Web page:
Texas Gov. George W. Bush and Arizona Sen. John McCain clashed here tonight over tax cuts, ethanol subsidies and campaign finance reform, with Bush charging that McCain's proposals to rein in campaign contributions would "hurt the Republican Party" and help the Democrats.

The exchange during a 90-minute debate among the six Republican presidential candidates reflected the intensifying competition between Bush and McCain for the Republican nomination. It also marked the first time in three candidate debates that the two candidates, who have gone out of their way to be nice to each other, tangled over policy and disagreed so openly.

Bush came under attack from most of his rivals tonight on issues ranging from abortion to China and the World Trade Organization. But in contrast to previous debates, Bush appeared more aggressive in presenting his views, casting himself as a candidate not from Washington and as a man with strong conservative convictions.

Asked to name the philosopher who had affected him most, a question tossed to all the candidates, Bush responded, "Christ, because he changed my heart."

Tonight's debate, sponsored by WHO-TV and carried nationally on MSNBC, likely set the tone for the next five-plus weeks of campaigning before the Jan. 24 precinct caucuses that will begin the nomination process. The other participants included magazine publisher Steve Forbes, former Reagan administration official Gary Bauer, former ambassador Alan Keyes and Utah Sen. Orrin G. Hatch.

Forbes is staking his candidacy on a strong second-place finish in Iowa but was challenged tonight by Bauer, who along with Keyes is competing for support among religious and cultural conservatives, who play an influential role in the GOP caucuses. Bush arrived as the clear front-runner in Iowa but under pressure after two recent debates in which he was judged to have given lackluster performances.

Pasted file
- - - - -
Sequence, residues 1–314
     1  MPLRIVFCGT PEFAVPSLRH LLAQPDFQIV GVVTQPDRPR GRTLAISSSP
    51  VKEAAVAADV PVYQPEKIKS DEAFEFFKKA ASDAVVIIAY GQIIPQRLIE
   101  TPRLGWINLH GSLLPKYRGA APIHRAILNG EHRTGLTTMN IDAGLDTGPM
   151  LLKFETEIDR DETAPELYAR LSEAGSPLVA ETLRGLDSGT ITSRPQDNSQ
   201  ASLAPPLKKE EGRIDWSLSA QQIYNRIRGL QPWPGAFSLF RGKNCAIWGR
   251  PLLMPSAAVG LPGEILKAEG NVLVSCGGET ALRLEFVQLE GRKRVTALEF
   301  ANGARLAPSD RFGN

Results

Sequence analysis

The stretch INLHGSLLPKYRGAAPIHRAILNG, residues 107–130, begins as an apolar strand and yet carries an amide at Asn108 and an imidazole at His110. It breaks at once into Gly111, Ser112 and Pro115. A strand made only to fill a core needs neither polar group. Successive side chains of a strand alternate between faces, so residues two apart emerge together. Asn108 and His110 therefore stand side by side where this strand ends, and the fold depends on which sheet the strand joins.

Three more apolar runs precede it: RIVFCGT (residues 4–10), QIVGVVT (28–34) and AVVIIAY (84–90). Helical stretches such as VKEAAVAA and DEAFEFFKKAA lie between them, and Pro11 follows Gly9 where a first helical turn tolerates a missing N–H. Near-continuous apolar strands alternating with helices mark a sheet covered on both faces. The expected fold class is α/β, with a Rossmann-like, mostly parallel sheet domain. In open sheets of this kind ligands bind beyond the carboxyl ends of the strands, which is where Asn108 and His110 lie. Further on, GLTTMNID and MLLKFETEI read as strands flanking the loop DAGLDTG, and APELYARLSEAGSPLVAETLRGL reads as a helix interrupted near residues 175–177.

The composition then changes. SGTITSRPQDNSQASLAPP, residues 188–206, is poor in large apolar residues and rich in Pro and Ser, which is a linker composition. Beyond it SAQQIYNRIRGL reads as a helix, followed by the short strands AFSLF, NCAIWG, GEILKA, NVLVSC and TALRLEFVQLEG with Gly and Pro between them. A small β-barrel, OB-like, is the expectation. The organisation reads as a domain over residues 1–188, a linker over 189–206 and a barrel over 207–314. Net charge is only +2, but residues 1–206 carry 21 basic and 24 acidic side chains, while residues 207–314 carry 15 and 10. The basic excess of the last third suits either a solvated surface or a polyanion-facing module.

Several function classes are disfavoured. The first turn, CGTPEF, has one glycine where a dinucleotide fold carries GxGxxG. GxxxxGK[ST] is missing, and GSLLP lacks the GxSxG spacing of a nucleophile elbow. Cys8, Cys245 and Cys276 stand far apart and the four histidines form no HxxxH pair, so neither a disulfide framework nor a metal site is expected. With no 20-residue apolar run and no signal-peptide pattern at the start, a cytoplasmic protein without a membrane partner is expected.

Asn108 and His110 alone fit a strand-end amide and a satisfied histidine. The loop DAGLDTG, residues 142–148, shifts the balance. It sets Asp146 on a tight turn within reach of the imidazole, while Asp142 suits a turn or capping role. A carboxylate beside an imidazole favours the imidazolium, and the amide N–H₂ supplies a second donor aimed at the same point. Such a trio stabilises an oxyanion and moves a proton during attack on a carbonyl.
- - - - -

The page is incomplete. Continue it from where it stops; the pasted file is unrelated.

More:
McCain is not formally competing in the Iowa caucuses, having chosen to concentrate his time in New Hampshire, where he has pulled ahead of Bush in recent polls. But he closed the debate tonight by asking that "a hardy . . . band of brave souls" in Iowa turn out and vote for him here, a sign of his desire for a surprise finish to boost his candidacy in New Hampshire.

Early in the debate, displaying his penchant for challenging otherwise friendly audiences, McCain went on the offensive by directly attacking one of the favored subsides of Iowa farmers, the subsidy for ethanol production.

"I'm going to tell you the things that you don't want to hear as well as the things you want to hear," McCain told the audience of Republican activists. "Ethanol is not worth it." He added that everyone else on the stage would share his view "if it weren't for the fact that Iowa is the first caucus state."

As scattered boos filled the Des Moines Civic Center, other candidates jumped in to defend the subsidies. When Bush got his turn, he said, "I'd have supported ethanol whether I was here in Iowa or not."

Their exchange over taxes began when Bush challenged McCain for criticizing the governor's $483 billion tax cut proposal as excessive. McCain's plan, Bush charged, did not do enough to help struggling single parents making $40,000 or less who are trying to break into the middle class.

"That single mom with . . . two children gets no tax cut" in McCain's plan, Bush said.